Maui has a reputation for some of the best sunsets around, thanks to the golden light settling over stunning panoramas.

For those who don’t fancy the trip to the top of Haleakala, the beach is often the best place to nail that golden hour photo.

And Keawakapu Beach has a sunset like no other.

There are a lot of good beaches on Maui for a sunset selfie, but what makes Keawakapu so special is the varied scenery combined with the panoramic views.

Not to mention the light, which hits the destination just right. Plus, with fewer restaurants and hotels in the area, there are fewer people around at sunset.

So, you can nail your sunset photo without the crowd.

The sunset on Maui typically occurs between 6pm and 7pm, so we recommend getting there a little before this. After all, you need time to find the perfect spot for your selfie!

The lava rocks of the north end add some striking balance to the scene, but you need to look south for views out to other islands.

Keawakapu Beach Facilities

The facilities at Keawakapu Beach are limited, but there are outdoor showers and portable toilets. These can be found at both the north and south end of the beach.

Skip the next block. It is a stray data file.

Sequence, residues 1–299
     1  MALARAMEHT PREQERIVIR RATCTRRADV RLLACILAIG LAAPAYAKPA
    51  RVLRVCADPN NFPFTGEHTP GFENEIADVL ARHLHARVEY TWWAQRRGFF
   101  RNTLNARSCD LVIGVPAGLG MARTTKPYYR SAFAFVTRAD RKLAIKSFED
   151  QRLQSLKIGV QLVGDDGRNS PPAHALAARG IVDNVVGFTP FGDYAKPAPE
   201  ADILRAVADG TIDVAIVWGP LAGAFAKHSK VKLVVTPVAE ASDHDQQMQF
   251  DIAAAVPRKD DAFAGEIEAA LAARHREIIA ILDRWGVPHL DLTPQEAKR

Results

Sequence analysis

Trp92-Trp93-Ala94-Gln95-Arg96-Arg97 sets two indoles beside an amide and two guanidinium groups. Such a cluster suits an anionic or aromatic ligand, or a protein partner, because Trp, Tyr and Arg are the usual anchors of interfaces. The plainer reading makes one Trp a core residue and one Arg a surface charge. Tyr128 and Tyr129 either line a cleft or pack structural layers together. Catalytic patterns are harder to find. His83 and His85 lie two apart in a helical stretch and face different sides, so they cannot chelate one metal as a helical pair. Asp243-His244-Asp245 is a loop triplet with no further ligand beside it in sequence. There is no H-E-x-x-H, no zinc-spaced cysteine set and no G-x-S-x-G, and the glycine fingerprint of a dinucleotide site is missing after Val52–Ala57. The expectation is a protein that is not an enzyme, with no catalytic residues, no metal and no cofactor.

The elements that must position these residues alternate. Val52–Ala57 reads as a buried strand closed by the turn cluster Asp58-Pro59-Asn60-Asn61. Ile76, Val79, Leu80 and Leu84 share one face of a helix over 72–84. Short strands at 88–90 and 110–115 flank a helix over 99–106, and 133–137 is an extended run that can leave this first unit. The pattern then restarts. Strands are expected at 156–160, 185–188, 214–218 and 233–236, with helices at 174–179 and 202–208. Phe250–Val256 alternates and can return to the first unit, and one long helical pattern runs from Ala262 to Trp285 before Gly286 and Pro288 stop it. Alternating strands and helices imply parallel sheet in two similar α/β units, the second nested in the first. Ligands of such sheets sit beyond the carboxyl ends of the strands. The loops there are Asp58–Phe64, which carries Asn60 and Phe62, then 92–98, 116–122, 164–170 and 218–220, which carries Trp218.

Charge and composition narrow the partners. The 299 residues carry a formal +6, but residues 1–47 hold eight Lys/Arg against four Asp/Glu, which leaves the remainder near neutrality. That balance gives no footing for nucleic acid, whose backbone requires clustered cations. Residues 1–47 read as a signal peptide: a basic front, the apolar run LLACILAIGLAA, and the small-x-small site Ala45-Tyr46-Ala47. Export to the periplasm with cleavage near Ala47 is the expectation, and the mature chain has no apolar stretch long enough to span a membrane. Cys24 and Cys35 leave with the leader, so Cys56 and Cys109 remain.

There are also trash cans, but no picnic benches if you’ve packed a bite to eat or drink. 

The northern end of the beach is home to most of the off-beach facilities, although still in limited numbers.

The north end has the better parking facilities, and a nearby surf shop, plus the Mana Kai Maui Resort.

As it’s also where the best snorkeling is, this means the north end is also the busiest end of the beach.

We recommend making yourself comfortable in the middle of the beach, and moving to the north end when you want to go into the water.

There is no lifeguard on Keawakapu Beach, so always be careful in and around the water. Tides can change fast with the Maui winds.

In fact, this might be part of the reason the beach got its name. Kapu, meaning forbidden, is thought to refer to the way strong winds left areas of the coast unprotected.

Getting To Keawakapu Beach

Keawakapu Beach can be found at the south end of South Kihei Road. There are three parking lots. The first is at the north end of the beach, in a dirt lot by the Days Inn.

This is the biggest lot and the best place to park. The second lot is at the middle of the beach, where South Kihei Road meets Kilohana Drive.

The lot is set back from the coast, on the far side of the road. The third parking lot is at the south end of the beach. This lot is small but does have showers and a port-a-potty.

A Family Beach With Epic Sunset Views

Sweeping sands and a long coastline has made Keawakapu Beach a beloved destination for many, especially as the slightly secret setting helps keep crowds down.

Visit during the morning to enjoy the snorkeling and water sports, in the day for tide pools and sunbathing, or in the evening for one of Maui’s best sunsets.